Reed pipes stuck with resin later became the panpipes, a Romanian national musical instrument.

For me, I will never forget the Haka, the ceremonial challenge-dance of the Māori culture as it is still performed by the New Zealand sports teams before international challenges.

Back to Romanian Căluşarii  and their dance, its tradition rises from Dacian times and it still holds its pagan essence. Led by their great priest who would ask the gods for guidance, Căluşarii  would perform their ritualistic dance to fight off evil spirits, and heal the sick.

Immortalis, the Immortal Căluşarii Dance, 100 words story, Calusari dance Mures

Initially, Căluşarii  were a restrictive groups of odd numbered men, between 5 and 13, sworn to stay together in celibacy and to perform ritual dances during a period of three – seven – or nine years. Their leader was the only one to know all the secrets, some passed on orally, others taken to the grave. Căluşarii  were / are feared warriors who fight Ielele, magical maiden fairies who steal the spirit and the minds of all those men who happen to see them in the forest. Ielele only dance on the night of Rusalii or the Descent of the Holly Spirit (Pentecost). Rusallile go back to the Roman celebration of Rosalia, the day of the roses, dedicated to worshiping the dead and bringing them food and roses.

Why Căluşari? Cal in Romanian language means horse, perceived as a fantastic creature. Horse, cal, symbolizes heat, warmth, summer, it even aids the sun climb atop the sky every day. As is the head of a horse, sculpted in wood, seen as a protective, positive symbol. Therefore Căluşarii are divine stallions.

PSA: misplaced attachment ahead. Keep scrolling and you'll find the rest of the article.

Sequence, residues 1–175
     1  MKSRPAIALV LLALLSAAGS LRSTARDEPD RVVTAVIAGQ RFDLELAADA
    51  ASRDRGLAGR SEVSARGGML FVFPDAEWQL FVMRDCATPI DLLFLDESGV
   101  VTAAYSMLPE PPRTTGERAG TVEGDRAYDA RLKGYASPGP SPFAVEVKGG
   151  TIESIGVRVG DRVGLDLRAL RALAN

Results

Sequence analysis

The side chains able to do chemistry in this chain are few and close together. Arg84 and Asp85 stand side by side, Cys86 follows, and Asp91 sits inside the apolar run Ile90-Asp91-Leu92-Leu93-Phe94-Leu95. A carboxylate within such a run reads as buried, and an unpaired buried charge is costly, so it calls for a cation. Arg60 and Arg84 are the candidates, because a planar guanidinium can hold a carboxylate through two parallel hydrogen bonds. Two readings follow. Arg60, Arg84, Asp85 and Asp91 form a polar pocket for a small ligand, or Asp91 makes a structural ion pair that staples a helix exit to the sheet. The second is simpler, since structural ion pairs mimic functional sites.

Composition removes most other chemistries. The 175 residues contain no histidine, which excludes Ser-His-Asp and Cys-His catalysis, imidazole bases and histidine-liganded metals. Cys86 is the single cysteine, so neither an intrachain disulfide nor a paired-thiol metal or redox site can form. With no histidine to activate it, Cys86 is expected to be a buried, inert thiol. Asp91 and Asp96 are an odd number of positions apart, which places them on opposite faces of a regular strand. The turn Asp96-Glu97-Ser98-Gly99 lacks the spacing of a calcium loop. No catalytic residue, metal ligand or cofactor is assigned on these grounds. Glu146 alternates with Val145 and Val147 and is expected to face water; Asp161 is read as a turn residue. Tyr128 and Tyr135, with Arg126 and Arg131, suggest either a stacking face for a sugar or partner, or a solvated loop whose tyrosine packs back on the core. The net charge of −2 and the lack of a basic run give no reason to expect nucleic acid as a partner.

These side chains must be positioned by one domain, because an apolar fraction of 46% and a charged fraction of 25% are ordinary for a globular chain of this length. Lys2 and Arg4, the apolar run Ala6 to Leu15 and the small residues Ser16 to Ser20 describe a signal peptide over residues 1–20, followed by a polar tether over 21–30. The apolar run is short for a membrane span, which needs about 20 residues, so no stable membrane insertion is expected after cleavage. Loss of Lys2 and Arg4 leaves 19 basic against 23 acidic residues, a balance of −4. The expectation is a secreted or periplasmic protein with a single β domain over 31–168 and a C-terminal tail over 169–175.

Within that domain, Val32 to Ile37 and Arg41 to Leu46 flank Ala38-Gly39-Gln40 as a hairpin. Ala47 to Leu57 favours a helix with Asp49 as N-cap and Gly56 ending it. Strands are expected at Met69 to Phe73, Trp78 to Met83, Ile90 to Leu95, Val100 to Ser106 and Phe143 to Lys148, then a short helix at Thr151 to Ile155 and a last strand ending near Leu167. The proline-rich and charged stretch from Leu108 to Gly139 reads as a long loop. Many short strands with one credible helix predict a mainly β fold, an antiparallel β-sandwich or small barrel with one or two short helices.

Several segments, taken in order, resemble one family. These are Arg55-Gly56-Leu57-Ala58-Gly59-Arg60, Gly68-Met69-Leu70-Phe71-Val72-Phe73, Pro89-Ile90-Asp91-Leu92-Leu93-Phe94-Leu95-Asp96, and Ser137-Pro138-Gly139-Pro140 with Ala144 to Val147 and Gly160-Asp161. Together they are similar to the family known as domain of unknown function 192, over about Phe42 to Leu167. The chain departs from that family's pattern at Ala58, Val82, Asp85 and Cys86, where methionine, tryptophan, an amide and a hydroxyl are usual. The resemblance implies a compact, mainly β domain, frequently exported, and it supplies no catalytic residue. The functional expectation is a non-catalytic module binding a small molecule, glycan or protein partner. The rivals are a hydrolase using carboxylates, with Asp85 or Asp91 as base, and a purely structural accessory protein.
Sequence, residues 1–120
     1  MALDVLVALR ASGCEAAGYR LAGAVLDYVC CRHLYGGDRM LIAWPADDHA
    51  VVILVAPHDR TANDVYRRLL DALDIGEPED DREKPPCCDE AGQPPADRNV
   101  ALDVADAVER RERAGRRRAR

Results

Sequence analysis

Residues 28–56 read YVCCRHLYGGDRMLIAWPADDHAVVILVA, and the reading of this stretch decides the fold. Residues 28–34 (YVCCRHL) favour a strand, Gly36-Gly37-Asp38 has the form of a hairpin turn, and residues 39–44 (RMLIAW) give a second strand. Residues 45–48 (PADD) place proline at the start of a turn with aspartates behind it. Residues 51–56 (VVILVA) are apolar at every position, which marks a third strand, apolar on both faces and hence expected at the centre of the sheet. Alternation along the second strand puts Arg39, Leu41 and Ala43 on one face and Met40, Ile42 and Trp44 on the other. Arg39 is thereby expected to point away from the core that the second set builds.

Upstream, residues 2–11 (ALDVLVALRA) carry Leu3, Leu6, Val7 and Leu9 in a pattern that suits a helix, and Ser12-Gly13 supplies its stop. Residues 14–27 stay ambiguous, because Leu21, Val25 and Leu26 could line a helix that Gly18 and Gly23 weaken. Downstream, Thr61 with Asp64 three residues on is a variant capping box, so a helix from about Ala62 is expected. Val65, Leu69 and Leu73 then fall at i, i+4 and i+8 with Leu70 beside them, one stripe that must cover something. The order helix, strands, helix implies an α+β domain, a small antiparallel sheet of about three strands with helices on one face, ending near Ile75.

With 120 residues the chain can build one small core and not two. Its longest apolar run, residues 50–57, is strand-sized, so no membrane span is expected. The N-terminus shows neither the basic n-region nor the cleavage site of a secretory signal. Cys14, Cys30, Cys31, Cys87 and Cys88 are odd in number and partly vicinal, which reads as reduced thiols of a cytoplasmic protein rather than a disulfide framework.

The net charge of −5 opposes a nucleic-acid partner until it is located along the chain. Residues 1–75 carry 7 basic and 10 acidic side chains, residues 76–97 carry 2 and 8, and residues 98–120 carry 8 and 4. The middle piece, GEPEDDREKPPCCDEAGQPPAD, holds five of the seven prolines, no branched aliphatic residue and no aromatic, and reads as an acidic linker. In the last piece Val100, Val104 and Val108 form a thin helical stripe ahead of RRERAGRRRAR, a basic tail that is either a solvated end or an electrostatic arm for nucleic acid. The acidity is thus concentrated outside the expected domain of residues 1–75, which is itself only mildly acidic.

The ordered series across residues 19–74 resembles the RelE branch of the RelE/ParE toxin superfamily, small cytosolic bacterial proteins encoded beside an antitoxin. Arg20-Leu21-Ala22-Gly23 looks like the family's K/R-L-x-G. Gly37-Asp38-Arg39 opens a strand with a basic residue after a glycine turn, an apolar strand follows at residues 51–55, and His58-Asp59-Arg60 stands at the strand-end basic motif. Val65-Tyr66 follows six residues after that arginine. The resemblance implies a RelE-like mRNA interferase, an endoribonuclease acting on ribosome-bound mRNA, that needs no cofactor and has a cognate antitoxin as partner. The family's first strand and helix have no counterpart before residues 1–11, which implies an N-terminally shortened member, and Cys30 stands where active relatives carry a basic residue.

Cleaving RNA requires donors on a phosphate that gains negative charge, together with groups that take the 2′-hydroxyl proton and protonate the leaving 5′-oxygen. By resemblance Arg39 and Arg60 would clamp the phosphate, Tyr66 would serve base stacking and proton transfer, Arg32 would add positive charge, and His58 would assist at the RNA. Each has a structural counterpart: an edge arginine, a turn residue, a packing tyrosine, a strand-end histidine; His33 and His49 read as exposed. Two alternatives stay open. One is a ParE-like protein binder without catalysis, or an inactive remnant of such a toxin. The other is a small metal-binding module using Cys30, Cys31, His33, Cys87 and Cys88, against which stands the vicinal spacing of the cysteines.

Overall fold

horse head woodcraft positive symbol
horse head, crafted wood, seen as a positive symbol

The dance Căluşarii  perform imitates the horse’s walk, canter, and gallop, but also the rider’s jump on the horse’s back, as well the limb walk of a horse without shoe-horses. Over 100 dances, all performed to become as strong and agile as a horse, thus receiving a stallion’s divine powers and fight off evil spirits.

The costumes worn by the Căluşarii  is filled with symbology. Made of white linen with stitching to depict the geographical area they belong to, it is decorated with colorful sticks stuck in their belt to form a cross, for protection. Hand made hankies (gifted by women and girls for their own protection and fortune in the year ahead), silver spurs and bells, a leather harness complete the look while their hats have tassels and colored ribbons, white and red -sacred Dacian colors.

Calusarii dance, Hunedoara

The most important instrument is their flag, a three to ten meters long linden (oak or hazelnut) stick topped with a white cloth decorated with white-red ribbons, garlic, wormwood, wheat and salt.

There is a wealth of information and symbology behind Căluşarii, their dance still performed all across Romania. Know that since 2005 Căluşarii  are par of the UNESCO Heritage.

As always, you can find all my books on Amazon.

The Fox and the Tiger, a Fable

The BLT, the Bear, the Lion and the Tiger

The Fox and the Tiger is a fable as old as life, yet I like to imagine it taking place shortly after humans appeared on the Earth, perhaps hailing from Africa, a time when animals still spoke among themselves in a language understood by humans. A time of peace and harmony. Today tigers, in their natural habitat, live freely only in Asia, but foxes are most versatile, and we find them on every continent save for Antarctica.

The Fox and the Tiger, a fable

Once upon a time, and a long, long time ago when animals still shared the same language and spoke to one another, an orange fox with a bushy tail met a red-yellow tiger with great paws.